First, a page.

V. I. Lenin

Outline of a Report on the Political Situation{1}

Written: Written at the end of 1911
Published: First published in 1961 in Vol. 21 of the Fifth Russian edition of the Collected Works. Printed from the original.
Source: Lenin Collected Works, Progress Publishers, 1977, Moscow, Volume 41, pages 243.3-245.1.
Translated: Yuri Sdobnikov
Transcription\Markup: R. Cymbala
Copyleft: V. I. Lenin Internet Archive (www.marxists.org) © 2004 Permission is granted to copy and/or distribute this document under the terms of the GNU Free Documentation License.  


Political Situation

1. Crop failure—and the famine. “Food” campaign—Lidvaliad.{2}

2. Stolypin’s “agrarian reform”: bourgeois wine poured into serf-owning wineskins. They burst.

3. December 1908 about the Stolypin reform{3} and failure of the liquidators and the Vperyod people to understand.

4. Commissary trials: stealing.

5. Mismanagement and disorder.
—Cadet and Octobrist press. Flight from St. Petersburg to Moscow, lorry runs, construction of railways, Russian industry in the foreign market, public education and Kasso’s “broom”{4}— ——sighs, oh’s and ah’s, and regrets all over the place.

6. The bourgeoisie craves for the bourgeois system. It wants to “wash the wineskin without dipping it into the water”.

7. Revolution is the only way. Fear, hatred, mistrust—against the tide.

8. “Against the tide”. For the revolution. The working class and the revolution. For revolution (n o t “universal suffrage”) is the slogan which sums up the political situation and determines the whole content of Party agitation and propaganda (in particular, before the Fourth Duma).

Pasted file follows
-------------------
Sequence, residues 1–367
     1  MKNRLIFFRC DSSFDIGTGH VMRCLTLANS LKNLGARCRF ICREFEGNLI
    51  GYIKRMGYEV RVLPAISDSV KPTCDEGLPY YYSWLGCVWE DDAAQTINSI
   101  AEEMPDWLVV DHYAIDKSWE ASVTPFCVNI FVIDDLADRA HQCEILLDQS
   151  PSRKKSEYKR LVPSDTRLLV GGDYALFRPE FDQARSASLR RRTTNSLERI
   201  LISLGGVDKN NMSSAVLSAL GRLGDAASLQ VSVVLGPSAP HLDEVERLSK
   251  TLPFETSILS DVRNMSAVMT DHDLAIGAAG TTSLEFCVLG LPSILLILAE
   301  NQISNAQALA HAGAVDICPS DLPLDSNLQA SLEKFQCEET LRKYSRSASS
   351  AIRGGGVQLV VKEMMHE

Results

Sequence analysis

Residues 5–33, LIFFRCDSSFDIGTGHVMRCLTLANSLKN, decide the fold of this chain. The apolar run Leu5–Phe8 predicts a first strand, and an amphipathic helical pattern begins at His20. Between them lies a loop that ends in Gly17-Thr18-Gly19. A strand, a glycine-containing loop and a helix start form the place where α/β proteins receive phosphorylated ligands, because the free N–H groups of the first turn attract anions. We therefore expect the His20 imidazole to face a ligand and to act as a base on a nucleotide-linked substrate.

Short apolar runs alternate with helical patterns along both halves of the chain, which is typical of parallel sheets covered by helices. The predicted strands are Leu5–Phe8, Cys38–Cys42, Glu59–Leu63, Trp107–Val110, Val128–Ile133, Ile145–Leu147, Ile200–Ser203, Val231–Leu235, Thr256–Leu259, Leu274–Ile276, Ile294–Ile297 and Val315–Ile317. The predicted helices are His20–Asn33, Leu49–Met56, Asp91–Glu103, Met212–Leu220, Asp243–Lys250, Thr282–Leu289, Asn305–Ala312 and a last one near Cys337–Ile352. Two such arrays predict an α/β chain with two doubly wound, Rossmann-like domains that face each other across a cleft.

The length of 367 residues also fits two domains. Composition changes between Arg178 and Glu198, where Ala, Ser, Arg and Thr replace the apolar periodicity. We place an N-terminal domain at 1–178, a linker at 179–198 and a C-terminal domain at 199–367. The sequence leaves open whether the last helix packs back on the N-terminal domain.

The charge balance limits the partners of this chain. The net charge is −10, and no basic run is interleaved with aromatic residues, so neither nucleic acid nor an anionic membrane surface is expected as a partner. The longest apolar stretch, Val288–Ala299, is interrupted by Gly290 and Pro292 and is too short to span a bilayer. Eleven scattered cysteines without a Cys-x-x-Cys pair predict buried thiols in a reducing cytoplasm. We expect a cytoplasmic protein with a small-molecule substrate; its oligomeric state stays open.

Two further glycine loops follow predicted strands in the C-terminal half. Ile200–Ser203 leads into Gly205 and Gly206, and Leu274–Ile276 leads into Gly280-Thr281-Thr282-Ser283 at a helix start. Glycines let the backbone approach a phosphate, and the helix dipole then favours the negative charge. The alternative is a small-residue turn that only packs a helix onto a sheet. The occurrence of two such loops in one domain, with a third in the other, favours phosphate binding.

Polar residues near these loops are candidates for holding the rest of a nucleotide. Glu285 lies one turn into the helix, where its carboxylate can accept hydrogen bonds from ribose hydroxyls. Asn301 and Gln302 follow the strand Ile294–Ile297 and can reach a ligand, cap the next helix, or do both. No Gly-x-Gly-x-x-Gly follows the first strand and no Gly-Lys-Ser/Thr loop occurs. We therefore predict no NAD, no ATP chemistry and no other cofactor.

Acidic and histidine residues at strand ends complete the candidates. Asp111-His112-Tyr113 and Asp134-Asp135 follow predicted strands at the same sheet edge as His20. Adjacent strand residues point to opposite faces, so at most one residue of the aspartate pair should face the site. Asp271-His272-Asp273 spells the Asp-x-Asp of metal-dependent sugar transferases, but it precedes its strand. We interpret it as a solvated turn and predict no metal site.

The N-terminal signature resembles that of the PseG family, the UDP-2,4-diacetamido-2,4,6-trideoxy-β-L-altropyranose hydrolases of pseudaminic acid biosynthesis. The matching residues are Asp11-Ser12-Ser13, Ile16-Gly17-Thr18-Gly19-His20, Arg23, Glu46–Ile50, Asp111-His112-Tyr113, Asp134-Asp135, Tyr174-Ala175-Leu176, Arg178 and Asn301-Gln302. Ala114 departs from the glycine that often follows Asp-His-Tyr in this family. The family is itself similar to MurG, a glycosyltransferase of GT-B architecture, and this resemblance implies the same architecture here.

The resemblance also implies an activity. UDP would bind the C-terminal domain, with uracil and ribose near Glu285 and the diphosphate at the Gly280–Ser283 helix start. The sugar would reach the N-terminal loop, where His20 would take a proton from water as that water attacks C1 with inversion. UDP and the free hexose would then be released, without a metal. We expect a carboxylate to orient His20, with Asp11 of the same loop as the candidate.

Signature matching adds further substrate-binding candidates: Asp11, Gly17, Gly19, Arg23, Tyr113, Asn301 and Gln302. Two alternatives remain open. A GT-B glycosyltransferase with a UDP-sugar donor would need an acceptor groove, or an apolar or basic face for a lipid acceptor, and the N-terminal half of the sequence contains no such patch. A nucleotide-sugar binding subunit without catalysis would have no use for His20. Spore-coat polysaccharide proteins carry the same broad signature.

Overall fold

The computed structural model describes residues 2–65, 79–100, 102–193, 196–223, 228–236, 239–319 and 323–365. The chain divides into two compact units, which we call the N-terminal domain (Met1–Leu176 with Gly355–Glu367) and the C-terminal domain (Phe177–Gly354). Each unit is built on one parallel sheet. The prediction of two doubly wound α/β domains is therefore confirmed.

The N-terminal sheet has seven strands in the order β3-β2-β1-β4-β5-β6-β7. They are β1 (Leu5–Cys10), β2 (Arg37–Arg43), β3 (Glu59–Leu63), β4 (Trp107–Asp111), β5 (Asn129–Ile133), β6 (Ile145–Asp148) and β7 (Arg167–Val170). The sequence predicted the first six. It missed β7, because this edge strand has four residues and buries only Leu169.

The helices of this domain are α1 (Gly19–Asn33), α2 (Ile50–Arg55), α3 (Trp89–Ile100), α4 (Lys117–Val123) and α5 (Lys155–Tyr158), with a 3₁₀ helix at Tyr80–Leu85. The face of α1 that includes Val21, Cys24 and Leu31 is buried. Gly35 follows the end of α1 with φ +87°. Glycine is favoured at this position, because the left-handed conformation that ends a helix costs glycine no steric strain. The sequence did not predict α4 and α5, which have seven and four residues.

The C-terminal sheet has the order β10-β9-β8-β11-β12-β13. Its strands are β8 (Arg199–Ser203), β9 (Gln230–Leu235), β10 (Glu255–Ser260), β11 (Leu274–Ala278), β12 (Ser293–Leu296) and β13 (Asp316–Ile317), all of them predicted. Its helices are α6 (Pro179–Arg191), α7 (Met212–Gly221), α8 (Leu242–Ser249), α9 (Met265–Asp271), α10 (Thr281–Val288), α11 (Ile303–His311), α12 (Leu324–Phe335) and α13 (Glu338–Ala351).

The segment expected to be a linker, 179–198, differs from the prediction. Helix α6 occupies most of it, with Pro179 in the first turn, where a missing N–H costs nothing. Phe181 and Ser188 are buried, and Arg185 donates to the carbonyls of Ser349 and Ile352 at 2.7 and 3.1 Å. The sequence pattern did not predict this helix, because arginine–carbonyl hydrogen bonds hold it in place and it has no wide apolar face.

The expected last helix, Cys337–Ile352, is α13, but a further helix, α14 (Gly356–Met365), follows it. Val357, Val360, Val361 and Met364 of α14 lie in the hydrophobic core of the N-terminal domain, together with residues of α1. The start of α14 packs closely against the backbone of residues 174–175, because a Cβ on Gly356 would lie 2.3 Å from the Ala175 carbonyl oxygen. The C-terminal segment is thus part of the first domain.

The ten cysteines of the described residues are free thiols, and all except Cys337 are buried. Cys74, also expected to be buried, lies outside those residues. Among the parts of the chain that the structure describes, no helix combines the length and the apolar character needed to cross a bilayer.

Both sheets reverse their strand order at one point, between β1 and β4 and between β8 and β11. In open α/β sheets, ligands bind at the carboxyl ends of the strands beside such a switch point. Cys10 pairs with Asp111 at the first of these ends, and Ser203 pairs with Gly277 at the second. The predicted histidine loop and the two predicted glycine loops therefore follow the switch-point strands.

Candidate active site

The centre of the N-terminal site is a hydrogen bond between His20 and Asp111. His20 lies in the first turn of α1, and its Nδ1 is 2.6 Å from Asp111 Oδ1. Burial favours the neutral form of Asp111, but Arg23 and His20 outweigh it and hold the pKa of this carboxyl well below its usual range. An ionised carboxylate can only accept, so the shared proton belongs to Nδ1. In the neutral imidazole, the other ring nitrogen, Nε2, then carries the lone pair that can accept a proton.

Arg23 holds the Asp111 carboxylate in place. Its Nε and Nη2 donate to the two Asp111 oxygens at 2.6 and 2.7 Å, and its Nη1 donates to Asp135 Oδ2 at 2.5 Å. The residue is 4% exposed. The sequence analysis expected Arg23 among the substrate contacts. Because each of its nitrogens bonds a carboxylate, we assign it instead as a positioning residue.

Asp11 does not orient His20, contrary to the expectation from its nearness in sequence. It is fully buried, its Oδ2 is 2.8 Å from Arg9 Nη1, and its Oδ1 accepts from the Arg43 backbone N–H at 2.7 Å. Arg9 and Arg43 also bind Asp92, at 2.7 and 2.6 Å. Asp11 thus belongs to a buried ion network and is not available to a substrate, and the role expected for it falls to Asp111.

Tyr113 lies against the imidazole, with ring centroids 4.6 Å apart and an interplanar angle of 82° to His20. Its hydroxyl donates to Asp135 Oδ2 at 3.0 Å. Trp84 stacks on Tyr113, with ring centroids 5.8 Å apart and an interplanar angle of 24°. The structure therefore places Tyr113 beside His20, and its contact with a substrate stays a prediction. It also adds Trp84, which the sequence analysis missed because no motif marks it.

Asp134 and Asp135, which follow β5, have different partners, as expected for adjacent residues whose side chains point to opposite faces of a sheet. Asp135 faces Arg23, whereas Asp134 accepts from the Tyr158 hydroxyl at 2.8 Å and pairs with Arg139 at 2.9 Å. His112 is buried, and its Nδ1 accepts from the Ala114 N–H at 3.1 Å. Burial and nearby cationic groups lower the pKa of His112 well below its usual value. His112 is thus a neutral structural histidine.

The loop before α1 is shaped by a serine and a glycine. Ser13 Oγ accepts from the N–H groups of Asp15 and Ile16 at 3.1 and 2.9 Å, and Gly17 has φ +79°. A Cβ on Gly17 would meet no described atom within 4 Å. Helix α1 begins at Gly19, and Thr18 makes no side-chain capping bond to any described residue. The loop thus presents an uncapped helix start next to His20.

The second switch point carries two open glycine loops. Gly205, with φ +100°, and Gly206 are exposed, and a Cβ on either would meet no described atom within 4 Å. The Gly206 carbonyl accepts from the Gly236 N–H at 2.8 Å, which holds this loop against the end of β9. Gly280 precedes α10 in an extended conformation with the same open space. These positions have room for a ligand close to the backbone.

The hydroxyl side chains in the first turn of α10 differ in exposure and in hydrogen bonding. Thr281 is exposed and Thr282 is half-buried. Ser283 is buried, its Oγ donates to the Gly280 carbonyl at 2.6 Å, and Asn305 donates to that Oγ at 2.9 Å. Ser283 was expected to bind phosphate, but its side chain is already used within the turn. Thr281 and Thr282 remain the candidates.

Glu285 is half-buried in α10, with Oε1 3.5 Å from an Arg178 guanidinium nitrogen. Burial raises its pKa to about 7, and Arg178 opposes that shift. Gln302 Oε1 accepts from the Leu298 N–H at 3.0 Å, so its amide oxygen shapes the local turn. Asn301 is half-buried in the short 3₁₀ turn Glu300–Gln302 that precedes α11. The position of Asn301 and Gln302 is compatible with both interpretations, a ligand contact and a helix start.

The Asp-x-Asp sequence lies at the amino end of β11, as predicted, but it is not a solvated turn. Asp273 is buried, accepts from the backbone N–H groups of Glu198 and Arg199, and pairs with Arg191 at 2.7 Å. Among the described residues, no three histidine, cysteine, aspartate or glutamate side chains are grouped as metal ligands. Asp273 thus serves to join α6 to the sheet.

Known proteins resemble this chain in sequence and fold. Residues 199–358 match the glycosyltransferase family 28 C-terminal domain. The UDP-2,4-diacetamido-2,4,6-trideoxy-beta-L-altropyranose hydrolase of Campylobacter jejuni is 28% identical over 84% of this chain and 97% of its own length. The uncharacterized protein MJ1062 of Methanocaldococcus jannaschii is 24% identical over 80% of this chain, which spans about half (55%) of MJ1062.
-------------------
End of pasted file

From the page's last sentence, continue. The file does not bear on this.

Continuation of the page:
Crop failure
Commissary trials
Kasso and rout
The Jews and the “nationalisation of trade”.

T h e W o r k i n g C l a s s a n d t h e R e v o l u t i o n

1. The “revival”, of which everyone is talking, is a symptom of the fresh upsurge of the revolution.

2. Attitude to the revolution that was: spite, fear, hatred—cowardice, scepticism, lack of spirit—attitude of the working class (“you’ll get another 1905”).

3. Tasks of working-class activity in the new conditions
(α) > consciousness of the masses (δ)
(β) > development of capitalism (α)  
(γ) > hostility of the bourgeoisie (β)
(δ) > alliance of enemies (γ).

4. Character of agitation and propaganda.
No need for an illegal party ” ” ” propaganda of revolution (not hegemony)
etc., etc.
[BOX ENDS:] [[ liquidationism ]].

Manifestation of bourgeois counter revolutionary spirit among Social-Democrats.

5. “Bird’s-eye view”=Third Duma. Role of (Cadets)


{1} The exact date and the circumstances in which Lenin gave this report on the political situation have not been established. p. 243

{2} Lidvaliad—the case of the big swindler and speculator E. Lidval and V. I. Gurko, Deputy Minister for the Interior. With Gurko’s help, Lidval concluded a deal with the government to supply 10 million poods of rye to the famine-stricken gubernias of Russia from October to December 1906. Having received a sizable advance through Gurko from the treasury, Lidval brought up less than 10 per cent of the total quantity of grain to the railway lines by mid-December 1906. This embezzlement and speculation on the famine were exposed and widely reported, forcing the tsarist government to institute legal proceedings. But apart from being removed from his post, Gurko was not punished in any way. p. 243

{3} A reference to the resolution of the Fifth Conference of the R.S.D.L.P. (All-Russia Conference of 1908), “The Present Moment and the Tasks of the Party” (see K.P.S.S. v rezolutsiyakh..., Part 1, pp. 195–97). p. 244

{4} A reference to the explanations by Minister of Public Education L. A. Kasso in the Fourth Duma in connection with the question entered by 44 deputies on December 14 (27), 1912, over the arrest of 34 pupils of secondary schools in St. Petersburg at a meeting in Vitmer’s private school. The pupils were suspected by the secret police of belonging to an illegal circle. The question was discussed at the 12th, 17th, 18th, 19th and 20th sittings of the Duma. On February 6 (19), 1913, a majority adopted a formula to proceed with the business of the Duma, recognising the Minister’s explanations as being unsatisfactory. p. 244

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